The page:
• Percocet: The brand-name drug Percocet is a combination of oxycodone and acetaminophen (Tylenol). The dangerous level of oxycodone is hypothesized above, but Percocet adds an additional element of concern with the liver-affecting acetaminophen. Percocet can have 325 mg of this pain reliever per pill — approximately 7,000 mg is a death sentence.
  • Hydrocodone: Around 90 mg of hydrocodone is terminal in a 24-hour period. At 10 mg per pill, it would take only nine doses to reach this low sum.
  • Vicodin: Vicodin is to hydrocodone what Percocet is to oxycodone — the addition of acetaminophen is the only worthwhile difference. The quantity of hydrocodone in Vicodin is half of the traditional hydro pills, thus, it would take double the number of tablets to perish from use.

Other opioid amounts include:

  • Lortab: 90 mg to overdose
  • Demerol: Over 600 mg daily to overdose
  • Tramadol: Between 2-8 g to overdose

Note each of the above values — from morphine to tramadol — are estimations only. Because opioids affect everyone differently, the deadly dosages can be much smaller. This is especially true when mixing opioids or adding alcohol to the equation.

How to Tell If You Overdose on Painkillers

There are several indicators of a painkiller overdose. Luckily, most are easily identifiable to an outside observer if they know what to be on the lookout for. Opioids, prescription or otherwise, have three universal symptoms. The opioid overdose triad. In no particular order of emergence or severity the signs include:

  1. Tiny pupils: an overdose victim’s eyes may not react to light or stimuli of any kind. Many assume that one’s pupils expand in the case of drug use. While this does occur for some substances, an opioid may do the opposite.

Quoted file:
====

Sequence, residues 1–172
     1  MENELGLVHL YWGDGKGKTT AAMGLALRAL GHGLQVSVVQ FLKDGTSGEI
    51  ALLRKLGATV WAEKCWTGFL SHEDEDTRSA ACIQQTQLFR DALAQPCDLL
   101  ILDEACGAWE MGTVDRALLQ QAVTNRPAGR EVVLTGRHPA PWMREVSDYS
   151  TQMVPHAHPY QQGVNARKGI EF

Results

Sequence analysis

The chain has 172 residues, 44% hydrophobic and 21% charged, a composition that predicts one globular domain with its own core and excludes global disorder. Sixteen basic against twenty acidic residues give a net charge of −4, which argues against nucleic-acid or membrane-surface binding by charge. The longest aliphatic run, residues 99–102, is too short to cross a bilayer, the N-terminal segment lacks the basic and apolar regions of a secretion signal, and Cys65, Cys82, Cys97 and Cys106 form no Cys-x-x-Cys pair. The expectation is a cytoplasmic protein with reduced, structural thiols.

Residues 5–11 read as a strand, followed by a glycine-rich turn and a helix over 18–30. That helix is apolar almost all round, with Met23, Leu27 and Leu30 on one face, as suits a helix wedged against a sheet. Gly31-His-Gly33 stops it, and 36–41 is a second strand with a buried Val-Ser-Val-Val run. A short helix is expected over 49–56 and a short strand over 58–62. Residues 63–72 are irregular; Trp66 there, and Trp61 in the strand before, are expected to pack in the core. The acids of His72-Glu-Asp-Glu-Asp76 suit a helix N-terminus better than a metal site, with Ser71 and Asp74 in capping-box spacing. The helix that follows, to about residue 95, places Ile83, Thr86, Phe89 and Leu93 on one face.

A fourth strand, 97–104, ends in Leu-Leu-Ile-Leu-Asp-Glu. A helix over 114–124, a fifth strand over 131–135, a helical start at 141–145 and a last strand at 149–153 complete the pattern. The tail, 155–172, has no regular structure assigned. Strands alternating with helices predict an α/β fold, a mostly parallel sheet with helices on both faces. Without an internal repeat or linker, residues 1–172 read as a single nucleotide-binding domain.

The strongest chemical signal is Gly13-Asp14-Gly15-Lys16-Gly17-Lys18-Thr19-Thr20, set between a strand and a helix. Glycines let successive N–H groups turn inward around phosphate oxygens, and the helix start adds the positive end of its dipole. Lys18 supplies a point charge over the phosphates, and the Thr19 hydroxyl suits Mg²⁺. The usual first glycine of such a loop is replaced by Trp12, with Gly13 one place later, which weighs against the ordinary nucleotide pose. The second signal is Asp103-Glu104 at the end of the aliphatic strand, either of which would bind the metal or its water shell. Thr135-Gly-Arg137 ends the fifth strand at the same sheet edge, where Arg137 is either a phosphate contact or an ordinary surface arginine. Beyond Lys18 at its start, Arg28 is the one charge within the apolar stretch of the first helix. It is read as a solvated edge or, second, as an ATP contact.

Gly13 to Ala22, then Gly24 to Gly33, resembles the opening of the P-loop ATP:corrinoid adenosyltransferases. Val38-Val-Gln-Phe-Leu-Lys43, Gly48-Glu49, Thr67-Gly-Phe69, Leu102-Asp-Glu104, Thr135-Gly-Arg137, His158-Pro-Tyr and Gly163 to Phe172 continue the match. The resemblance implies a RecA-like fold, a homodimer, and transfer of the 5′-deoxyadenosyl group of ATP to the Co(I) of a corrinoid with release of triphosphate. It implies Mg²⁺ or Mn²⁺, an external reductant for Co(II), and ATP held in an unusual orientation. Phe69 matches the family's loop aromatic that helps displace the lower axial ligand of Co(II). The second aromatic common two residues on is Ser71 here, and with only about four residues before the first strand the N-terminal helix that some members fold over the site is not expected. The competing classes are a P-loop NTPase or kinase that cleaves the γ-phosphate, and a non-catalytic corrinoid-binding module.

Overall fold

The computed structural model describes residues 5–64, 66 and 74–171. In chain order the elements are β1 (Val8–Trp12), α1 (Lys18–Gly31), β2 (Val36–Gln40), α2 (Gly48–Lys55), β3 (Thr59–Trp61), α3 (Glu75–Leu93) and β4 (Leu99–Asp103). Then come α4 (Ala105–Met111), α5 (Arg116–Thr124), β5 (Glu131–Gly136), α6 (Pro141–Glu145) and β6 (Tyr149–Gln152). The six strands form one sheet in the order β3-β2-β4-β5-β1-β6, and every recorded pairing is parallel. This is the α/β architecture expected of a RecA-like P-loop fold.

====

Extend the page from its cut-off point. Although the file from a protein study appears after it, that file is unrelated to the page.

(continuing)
2. Respiration problems: known as hypoventilation, the lungs will struggle to take a complete breath. A victim may pass out from oxygen deprivation.
  3. Unconsciousness: coma or comatose states can be the first or final symptom depending on how serious the situation is. It is a positive sign if the victim is awake and communicating. This may not last long. Get them to a medical facility right away.

Beyond the triad, signs of an overdose are as follows:

  • Vomiting
  • Garbled words
  • Limpness
  • Paleness
  • Discolored skin

Painkiller overdoses can be halted in their tracks by administering the drug naloxone. It is vital that the person using said medication positively identify the situation as an opioid overdose. The medicine has no effect on any other painkillers. Once injected, there is a great chance the person will survive this terrifying ordeal. They are sure to face a long road of recovery ahead of them — but being alive to do so is the most important part.

Medical Disclaimer: The Recovery Village aims to improve the quality of life for people struggling with a substance use or mental health disorder with fact-based content about the nature of behavioral health conditions, treatment options and their related outcomes. We publish material that is researched, cited, edited and reviewed by licensed medical professionals. The information we provide is not intended to be a substitute for professional medical advice, diagnosis or treatment. It should not be used in place of the advice of your physician or other qualified healthcare provider.